Throughout the history of games, the rules and the pieces have all been set by a few for the many to enjoy. Or so it may seem, anyway. Among the folks creative enough to enjoy games involving the imagination, whether they be boardgames using abstract tokens to represent troops and armor storming the WW2 battle lines, miniature wargames using models on a terrainscape of sand and styrofoam, or the people represented by penciled in sheets in a candle-lit living room; among these the lines blur considerably between the producers and the consumers. Whether it is a simple house-rule that makes sense to everyone around the table, or the DM’s long hours of effort to create an evening’s destruction and mayhem for her friends to carve their way through, or the player who has an idea and throws something together to sell to other players.
My creations are many. As yet I have only ever published one item, a sheet of stick figure miniatures that I made up for the Deadlands Reloaded game my friend ran us through.
Time to turn left on that side road. I had to wonder why my stick figure miniatures struck a chord with my friends and others. For the same token, why is it that I can be so much more immersed in a pencil on quad ruled paper dungeon adventure than I can in a more richly modeled environment, whether it is a detailed layout on a table top or the amazing world of the Elder Scrolls games? I think that while one shows me stuff, I am limited to what it shows me, see, while the more simplified makes me engage my imagination to fill in almost everything. It is the same thing as the difference between reading the Harry Potter books and going to see the movies. Am I the only one who thinks that however pretty and talented Miss Watson was, Hermione should have been curlier?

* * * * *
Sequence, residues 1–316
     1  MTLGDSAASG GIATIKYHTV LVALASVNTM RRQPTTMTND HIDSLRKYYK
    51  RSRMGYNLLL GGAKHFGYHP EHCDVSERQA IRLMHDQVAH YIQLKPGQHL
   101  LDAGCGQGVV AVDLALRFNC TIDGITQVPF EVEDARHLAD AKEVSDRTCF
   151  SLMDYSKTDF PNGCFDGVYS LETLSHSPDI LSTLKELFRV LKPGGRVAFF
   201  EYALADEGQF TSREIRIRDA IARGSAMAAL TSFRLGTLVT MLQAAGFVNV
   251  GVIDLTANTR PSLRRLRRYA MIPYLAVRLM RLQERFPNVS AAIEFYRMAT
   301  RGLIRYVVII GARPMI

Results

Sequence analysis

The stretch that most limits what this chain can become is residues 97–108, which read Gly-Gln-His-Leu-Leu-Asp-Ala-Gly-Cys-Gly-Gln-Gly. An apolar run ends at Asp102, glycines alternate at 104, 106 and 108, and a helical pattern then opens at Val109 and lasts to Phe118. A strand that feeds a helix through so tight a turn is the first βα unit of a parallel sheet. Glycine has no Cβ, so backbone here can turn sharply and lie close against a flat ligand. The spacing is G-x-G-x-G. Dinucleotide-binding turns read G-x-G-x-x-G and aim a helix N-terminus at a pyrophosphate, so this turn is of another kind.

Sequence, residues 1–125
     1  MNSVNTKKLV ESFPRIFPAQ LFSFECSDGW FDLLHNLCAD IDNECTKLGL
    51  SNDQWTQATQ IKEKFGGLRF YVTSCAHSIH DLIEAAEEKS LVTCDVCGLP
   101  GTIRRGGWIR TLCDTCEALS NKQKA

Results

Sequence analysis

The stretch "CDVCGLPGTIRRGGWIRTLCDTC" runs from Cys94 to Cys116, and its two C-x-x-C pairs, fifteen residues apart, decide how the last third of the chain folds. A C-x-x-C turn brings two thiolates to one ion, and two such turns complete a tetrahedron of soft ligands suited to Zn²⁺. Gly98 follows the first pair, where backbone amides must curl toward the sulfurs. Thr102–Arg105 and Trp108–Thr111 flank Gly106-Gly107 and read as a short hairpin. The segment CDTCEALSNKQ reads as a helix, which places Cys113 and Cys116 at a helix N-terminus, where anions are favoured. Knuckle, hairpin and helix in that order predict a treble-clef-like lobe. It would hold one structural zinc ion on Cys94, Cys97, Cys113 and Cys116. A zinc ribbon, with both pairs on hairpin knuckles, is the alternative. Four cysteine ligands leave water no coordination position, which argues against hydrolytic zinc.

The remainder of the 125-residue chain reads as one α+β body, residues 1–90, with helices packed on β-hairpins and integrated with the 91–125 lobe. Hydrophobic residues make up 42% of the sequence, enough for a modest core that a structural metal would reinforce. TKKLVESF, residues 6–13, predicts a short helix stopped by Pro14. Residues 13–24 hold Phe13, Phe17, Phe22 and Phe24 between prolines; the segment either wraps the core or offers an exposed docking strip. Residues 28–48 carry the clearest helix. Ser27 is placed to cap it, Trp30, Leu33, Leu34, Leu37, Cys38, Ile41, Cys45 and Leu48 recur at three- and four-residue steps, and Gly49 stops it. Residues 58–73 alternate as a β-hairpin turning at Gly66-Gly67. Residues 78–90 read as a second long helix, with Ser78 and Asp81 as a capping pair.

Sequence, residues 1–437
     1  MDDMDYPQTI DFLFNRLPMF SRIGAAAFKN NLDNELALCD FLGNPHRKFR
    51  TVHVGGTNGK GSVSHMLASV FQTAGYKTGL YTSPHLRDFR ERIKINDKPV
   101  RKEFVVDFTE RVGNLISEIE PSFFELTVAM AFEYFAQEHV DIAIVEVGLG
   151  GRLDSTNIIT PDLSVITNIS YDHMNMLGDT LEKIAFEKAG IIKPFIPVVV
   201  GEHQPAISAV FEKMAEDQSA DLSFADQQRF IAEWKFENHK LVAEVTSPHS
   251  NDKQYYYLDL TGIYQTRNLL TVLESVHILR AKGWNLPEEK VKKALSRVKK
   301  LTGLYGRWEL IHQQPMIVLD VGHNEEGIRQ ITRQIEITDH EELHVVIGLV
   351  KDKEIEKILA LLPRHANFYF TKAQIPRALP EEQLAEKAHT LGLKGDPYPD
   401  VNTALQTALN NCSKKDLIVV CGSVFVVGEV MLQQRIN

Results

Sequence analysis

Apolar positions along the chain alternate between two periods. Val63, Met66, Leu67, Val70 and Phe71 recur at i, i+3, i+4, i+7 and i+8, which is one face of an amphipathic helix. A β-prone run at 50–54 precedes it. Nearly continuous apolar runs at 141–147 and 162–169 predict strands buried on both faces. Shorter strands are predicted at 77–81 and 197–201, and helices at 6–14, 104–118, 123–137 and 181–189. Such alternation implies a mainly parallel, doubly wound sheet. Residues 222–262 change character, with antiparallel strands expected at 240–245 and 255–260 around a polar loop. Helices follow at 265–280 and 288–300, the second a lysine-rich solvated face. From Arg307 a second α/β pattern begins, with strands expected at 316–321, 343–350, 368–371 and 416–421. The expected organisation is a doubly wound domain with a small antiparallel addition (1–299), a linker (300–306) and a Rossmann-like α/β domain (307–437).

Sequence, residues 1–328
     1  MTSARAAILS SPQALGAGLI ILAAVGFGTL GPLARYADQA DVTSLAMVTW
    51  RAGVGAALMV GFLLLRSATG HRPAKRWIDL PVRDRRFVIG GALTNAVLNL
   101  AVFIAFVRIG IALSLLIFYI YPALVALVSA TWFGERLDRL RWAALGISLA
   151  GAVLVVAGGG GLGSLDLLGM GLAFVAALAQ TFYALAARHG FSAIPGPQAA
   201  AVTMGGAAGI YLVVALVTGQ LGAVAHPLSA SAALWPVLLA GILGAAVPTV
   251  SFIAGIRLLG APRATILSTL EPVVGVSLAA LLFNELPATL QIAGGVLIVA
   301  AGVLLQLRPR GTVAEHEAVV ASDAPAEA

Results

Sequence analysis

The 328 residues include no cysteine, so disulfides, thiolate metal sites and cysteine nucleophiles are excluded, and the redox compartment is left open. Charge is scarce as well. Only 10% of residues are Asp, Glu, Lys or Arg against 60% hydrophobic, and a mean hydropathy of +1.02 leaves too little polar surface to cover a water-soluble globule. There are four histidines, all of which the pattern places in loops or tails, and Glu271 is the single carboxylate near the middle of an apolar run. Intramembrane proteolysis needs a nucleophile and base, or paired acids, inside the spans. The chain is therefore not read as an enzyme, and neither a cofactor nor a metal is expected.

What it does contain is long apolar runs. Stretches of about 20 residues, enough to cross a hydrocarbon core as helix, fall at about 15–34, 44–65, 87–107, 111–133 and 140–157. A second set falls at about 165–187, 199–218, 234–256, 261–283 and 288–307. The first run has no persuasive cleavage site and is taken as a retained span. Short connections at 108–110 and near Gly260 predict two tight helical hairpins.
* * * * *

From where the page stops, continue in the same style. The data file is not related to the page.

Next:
The same advantage holds for the recent spate of indy and OSR games that seek to pare down the rules complexity instead of getting every last thing nailed down into a table or chart. It is really cool to have five hundred pages of awesome new world to adventure in, but when I get one of those things, I find myself afraid to get some detail of the setting wrong; or worse, calling my GM on some detail they got wrong. I have been that insufferable know-it-all turd that dragged a game to a screeching halt over a detail that any GM should have felt free to alter at their own table. Sorry, Ted. (He won’t even play with me anymore, and who could blame him.)
Back to the topic, I guess, though I suppose I was more about the stick figures and rules light stuff.
Unlike a gallon of gas or a taco or a box of detergent, what we do with games almost immediately takes us from being a mere consumer of products to creators. Reading the first paragraph in a game should send pictures blazing through my head of ideas I had never seen in that way before. Even when the game is a lush world on the computer screen, my creativity goes into the experience in the same way a book is not complete without the reader’s participation. In short, we are all producers and creators. We always have been.